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April 23, 2018, 3:15 am
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Forecast April 25, 2018
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This and That

by Dennis Webb

How old are your tires? How safe are they?

If you have ever looked at your car/truck new tire warranty, you will notice that generally they are good for 5 – 6 years. Why is that? – Because as the tire ages, it loses its elasticity and material degradation. See the Safety Research & Strategies Tire Aging Animation at http://www.safetyresearch.net/safety-issues/tires/ (part way down that page).

Think of a rubber band that has been sitting in a drawer for quite some time, when you go to use it, it breaks. Why, because over time the rubber band develops cracks in it. The same thing is happening to your motorcycle tires.

Temperature also plays a role in material degradation. NHTSA research has found that tires age more quickly in warmer climates. NHTSA also found that environmental conditions like exposure to sunlight and coastal climates can hasten the aging process. People who live in warm weather and coastal states should keep this in mind when deciding whether they should retire a tire.

Storage can also have a role in material degradation. If a tire has been inflated and mounted on a wheel, it is technically “in service” – even if it’s never been used. I store my FLHRSEI2 in one side of my 2 car garage; The 4 x 4 gets the boot to the driveway. The garage has an ambient temp in the 40s all winter. I place plywood on the concrete and cheap carpet over the plywood. This allows my tire not to be exposed to the cold concrete floor all winter. I also periodically move my FLHRSEI2 so that the bike does not rest on the same tire contact points all winter.

Service also plays a role in material degradation. How frequently you ride, what loads you generally carry, the type of roads you ride frequently and at what speeds you generally ride. It isn’t very hard to understand that riding at interstate speeds on those ground down grooved surfaces are no friend to your tires. Never mind the added attention one needs to pay to riding on it.

Tire Pressure – Proper Tire Inflation is Critical to Tire Performance and Tire Life Under-inflation or overloading can cause sluggish handling, heavy steering, and internal damage due to over-flexing, and can cause the tire to separate from the rim. Over inflation can reduce the contact area (and therefore available traction), and can make the motorcycle react harshly to bumps. Check the tire pressure when the tires are cold (at least three hours since the last ride),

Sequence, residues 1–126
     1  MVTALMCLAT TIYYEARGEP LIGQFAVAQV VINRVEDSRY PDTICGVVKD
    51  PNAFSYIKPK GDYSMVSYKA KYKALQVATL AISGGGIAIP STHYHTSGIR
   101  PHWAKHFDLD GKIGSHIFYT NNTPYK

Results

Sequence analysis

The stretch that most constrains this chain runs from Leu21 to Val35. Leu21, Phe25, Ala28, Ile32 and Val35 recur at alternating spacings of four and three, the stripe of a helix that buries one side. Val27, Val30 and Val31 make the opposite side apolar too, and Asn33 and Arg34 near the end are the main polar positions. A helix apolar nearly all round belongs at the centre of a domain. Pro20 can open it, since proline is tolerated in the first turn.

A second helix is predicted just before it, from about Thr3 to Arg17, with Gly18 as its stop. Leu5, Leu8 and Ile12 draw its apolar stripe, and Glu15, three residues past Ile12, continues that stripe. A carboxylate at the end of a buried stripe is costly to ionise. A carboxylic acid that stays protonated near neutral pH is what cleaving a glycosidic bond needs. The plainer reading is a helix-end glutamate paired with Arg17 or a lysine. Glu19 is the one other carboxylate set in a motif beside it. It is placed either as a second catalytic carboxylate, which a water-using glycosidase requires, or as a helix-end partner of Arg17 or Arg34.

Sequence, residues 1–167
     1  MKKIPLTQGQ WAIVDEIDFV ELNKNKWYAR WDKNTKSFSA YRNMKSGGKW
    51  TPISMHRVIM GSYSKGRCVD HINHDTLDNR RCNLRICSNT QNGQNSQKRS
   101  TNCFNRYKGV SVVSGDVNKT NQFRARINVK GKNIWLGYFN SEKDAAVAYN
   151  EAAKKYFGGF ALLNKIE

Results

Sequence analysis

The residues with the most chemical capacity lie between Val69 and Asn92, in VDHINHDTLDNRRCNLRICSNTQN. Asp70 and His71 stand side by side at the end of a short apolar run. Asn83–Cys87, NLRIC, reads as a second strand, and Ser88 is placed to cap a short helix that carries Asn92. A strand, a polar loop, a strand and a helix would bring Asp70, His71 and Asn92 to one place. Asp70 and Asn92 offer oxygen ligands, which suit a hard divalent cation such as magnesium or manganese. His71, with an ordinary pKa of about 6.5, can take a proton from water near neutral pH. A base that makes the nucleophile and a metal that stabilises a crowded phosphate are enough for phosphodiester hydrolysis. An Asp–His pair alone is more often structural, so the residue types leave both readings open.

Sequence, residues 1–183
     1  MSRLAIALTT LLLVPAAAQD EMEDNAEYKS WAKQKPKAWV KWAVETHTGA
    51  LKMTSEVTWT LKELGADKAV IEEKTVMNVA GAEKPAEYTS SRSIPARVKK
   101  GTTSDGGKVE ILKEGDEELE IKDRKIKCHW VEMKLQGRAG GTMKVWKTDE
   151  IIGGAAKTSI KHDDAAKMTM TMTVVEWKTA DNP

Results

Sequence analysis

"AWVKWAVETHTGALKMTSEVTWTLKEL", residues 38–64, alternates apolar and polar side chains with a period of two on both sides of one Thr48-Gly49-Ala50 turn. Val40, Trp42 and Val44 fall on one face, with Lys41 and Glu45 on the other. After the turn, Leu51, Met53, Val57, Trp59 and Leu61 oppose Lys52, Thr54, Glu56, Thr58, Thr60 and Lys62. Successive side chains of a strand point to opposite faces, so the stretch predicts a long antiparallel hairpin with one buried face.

Regularly inspect the tire tread depth to ensure that adequate tread remains. Tires have small wear bars molded into the tread grooves. When the tread is worn down to the level of the wear bars (indicating 1/32 inches of tread remaining), the wear bars become exposed and the tire should be replaced. Some manufacturers recommend replacing the tire when there is 2/32 or 3/32 inches of tread remaining

I use the HD Combo Air pressure/Wear Gauge. It is compact and easy enough to carry in a saddlebag or tour pack. I believe the wear gauge shows red numbers at 2/32 inches remaining. Hint – Time to change the tire.

You can also use a penny in a pinch to check tire wear. Stick the penny into the tire tread with Lincoln’s head down and perpendicular to the tire surface. If you can see ALL of Lincoln’s hair, change the tire. If a portion of Lincoln’s hair is “NOT” showing, then you have some, unspecified, tread wear remaining.

I also go by just how comfortable my visual inspection of the tire makes me. My “Peace of Mind” is worth far more to me than the cost of a new tire.

So, how old are your tires?
Look for a Rectangle on one side or the other of your tire. Tires made after 2000 have a four-digit DOT code. The first two numbers represent the week in which the tire was made. The second two represent the year. A tire with a DOT code of 1109 was made in the 11th week of 2009.

It is entirely possible for you to purchase and install new tires off the shelf that were manufactured a year or more ago. That time still counts in the age of the tire.

At the January Chapter Meeting, Safety Officer, Walter asked how many members check their tires before each ride. I was hoping to see more hands raised, at least a visual inspection before each ride. One never knows when you may have picked up debris in your tire and sustained a cut.

Happy Riding DR

Note: I used the following sources for my information
1) – http://www.edmunds.com/car-care/how-old-and-dangerous-are-your-tires.html
2) – http://www.msf-usa.org/downloads/MIC_Tire_Guide_2012V1.pdf – I highly recommend reading this one, even saving the pdf file for reference.

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